Political ethics watchdog asked to investigate leaking of document by Varadkar
Coveney says there was ‘no personal gain’ for Tánaiste in passing on the document
Tánaiste Leo Varadkar. File photograph: Gareth Chaney/Collins
The State’s political ethics watchdog has been asked to investigate the circumstances surrounding the leaking of a document by Tánaiste Leo Varadkar to a group representing GPs.
Rise TD Paul Murphy has written to the Standards in Public Office Commission (Sipo) and requested that the watchdog urgently examine the issue.
It emerged at the weekend that Mr Varadkar passed a draft of a new contract for general practitioners negotiated between the then government and the Irish Medical Organisation (IMO) in April last year to a friend who was head of a rival group, the National Association of General Practitioners (NAGP).
Sinn Féin leader Mary Lou McDonald has written to Taoiseach Micheál Martin requesting all information surrounding the leak be put into the public domain.
The Labour Party and other Opposition parties have also strongly criticised the Tánaiste.
However, Minister for Foreign Affairs Simon Coveney said that there was “no personal gain” for Mr Varadkar in passing on the document.
Speaking on RTÉ’s Claire Byrne Live programme on Monday night, Mr Coveney said he had spoken with Mr Varadkar over the weekend and that he “regrets the way this happened and what he did”.
Mr Coveney said: “When Leo Varadkar sent the document to the head of the NAGP it was on a confidential basis on the basis of wanting to brief him on where they were at in terms of what the deal looked like.
“What we wanted was as many GPs across the country buying into this new contract. It was a €210 million deal. It was really good news for about 400,000 people that had medical cards.
“There was no personal gain in this for Leo Varadkar.”
He said the then taoiseach, however, should have instructed the former minister for health Simon Harris to give a briefing to the NAGP.
When asked about a comment captured in screengrabs of texts that “Leo always delivers”, Mr Coveney said: “I can’t answer for what Maitiú Ó Tuathail says to his friends in a text.”
Mr Coveney said there was huge pressure for the Government to get the deal over the line last year. Furthermore, he said, there was pressure from Opposition parties to include the NAGP in the discussions. He said the approach of the Government did work as the vast majority of GPs signed up to the deal.
“The deal was done. The IMO was holding meetings to brief GPs. This was not something that was hidden from stakeholders.”
In his letter to Sipo, Mr Murphy says that “the material published by Village Magazine [on the leak] and confirmed by the Tánaiste’s statement speaks to a culture of insiders helping insiders, with confidential information provided to an individual as a result of his friendship with, and political support for, Mr Varadkar”.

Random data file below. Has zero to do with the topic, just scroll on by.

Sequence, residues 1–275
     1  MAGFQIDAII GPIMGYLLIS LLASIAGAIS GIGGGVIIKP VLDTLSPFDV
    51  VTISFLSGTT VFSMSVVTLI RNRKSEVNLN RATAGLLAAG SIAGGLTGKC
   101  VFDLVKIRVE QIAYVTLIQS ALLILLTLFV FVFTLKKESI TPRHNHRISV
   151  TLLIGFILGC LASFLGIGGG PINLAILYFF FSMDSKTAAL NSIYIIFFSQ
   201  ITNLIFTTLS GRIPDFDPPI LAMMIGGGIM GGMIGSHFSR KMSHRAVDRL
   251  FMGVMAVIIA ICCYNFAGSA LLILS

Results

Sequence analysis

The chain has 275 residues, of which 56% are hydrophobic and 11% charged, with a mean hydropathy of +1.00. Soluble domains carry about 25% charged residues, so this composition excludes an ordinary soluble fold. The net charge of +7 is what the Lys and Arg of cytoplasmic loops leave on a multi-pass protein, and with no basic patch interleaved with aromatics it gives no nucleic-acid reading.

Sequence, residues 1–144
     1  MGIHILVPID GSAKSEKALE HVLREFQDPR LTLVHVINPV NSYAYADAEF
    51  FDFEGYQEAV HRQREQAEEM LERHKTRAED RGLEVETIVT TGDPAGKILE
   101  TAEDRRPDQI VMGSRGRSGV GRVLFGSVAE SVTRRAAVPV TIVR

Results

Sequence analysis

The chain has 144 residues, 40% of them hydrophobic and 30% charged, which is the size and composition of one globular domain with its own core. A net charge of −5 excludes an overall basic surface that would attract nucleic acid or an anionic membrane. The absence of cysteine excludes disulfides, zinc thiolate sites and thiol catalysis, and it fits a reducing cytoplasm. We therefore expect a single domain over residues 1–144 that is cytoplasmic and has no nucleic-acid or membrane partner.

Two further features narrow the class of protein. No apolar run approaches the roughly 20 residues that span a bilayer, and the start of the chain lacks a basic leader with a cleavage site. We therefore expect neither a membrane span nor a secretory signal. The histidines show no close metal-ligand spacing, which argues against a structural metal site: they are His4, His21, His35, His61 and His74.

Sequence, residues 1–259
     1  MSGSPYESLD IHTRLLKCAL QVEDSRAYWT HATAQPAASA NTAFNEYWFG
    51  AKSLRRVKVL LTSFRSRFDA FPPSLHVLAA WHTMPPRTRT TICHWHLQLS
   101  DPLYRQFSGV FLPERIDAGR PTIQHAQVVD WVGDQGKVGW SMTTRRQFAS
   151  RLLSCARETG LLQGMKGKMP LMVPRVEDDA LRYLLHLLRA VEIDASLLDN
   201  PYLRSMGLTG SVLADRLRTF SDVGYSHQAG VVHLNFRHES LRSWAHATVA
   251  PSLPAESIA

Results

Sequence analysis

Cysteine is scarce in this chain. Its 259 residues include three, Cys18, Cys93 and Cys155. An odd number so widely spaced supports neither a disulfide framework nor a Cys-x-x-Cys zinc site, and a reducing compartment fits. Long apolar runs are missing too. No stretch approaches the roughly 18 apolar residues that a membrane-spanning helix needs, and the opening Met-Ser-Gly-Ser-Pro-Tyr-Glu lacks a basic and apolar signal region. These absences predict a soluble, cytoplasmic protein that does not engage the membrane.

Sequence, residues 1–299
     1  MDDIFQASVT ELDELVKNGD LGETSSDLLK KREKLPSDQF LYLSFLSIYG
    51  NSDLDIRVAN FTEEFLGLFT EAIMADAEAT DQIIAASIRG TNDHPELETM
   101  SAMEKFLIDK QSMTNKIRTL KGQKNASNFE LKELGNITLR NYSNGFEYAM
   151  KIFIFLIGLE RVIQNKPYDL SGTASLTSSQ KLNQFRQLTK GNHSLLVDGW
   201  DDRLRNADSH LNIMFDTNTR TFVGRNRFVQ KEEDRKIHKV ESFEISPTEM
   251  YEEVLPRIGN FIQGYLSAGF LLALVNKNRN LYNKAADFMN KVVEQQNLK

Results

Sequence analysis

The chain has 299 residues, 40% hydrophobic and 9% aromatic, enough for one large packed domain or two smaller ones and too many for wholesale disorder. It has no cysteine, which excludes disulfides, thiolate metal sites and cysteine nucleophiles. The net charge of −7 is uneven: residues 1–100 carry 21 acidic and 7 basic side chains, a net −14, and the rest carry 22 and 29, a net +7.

Mr Murphy’s letter referenced a statement issued by Fine Gael over the weekend which argued that Mr Varadkar did not breach any confidence in passing on the draft.
“The suggestion that giving the document to Maitiú Ó Tuathail ‘did not breach any confidence’ as is stated in the Tánaiste’s statement is manifestly inaccurate,” Mr Murphy writes.
“Regardless of the press statements and press events that were held, the document itself was not in the public domain.
“The document itself was marked ‘Confidential’. If the document was in the public domain, why would the NAGP be interested in having the document? Why would the then taoiseach take the trouble of sending it to his friend?
“Therefore the document was clearly a confidential document and giving it to Dr Ó Tuathail was a breach of confidence.”
In a lengthy statement issued on Saturday evening, Mr Varadkar accepted that his provision of the document, which he had couriered to the home of Dr Ó Tuathail, was “not best practice” and he expressed regret “that he did not ensure that it was provided in a more appropriately formal manner”.
Dr Ó Tuathail said in a statement that the document was given to him as part of a pre-existing arrangement to share information on the deal.
Sinn Féin TD Eoin Ó Broin on Monday described the leak as a “scandalous breach of negotiating protocol”.
The Dublin Mid-West TD said his party leader had written to the Taoiseach on Monday requesting all correspondence and contact between Mr Varadkar and Dr Ó Tuathail – in addition to related contacts with then minister for health Simon Harris – be put in the public domain.
The party wants all the documents made available in advance of the Tánaiste speaking on the matter in the Dáil on Tuesday.
Sinn Féin Dublin Fingal TD Louise O’Reilly said what had occurred would potentially break the relationship of trust between government and trade unions.
“The head of government should be held accountable to a high standard,” she said. “We want to see a full and frank statement from the Tánaiste.”
She said her party would consider Mr Varadkar’s response on Tuesday before deciding on what further action it would take. Ms O’Reilly declined to say if her party would table a motion of no confidence.
Mr Ó Broin said senior Fine Gael Ministers had spent the past two days “trying to brush this matter under the carpet”.
He said “leak” was not a strong enough word for what had happened.
“This was a scandalous breach of negotiating protocol and also of trust and faith by the then taoiseach.
“You then have the Minister for Justice suggesting that no wrong had been done, something I would have thought was inappropriate for a Minister for Justice to say.”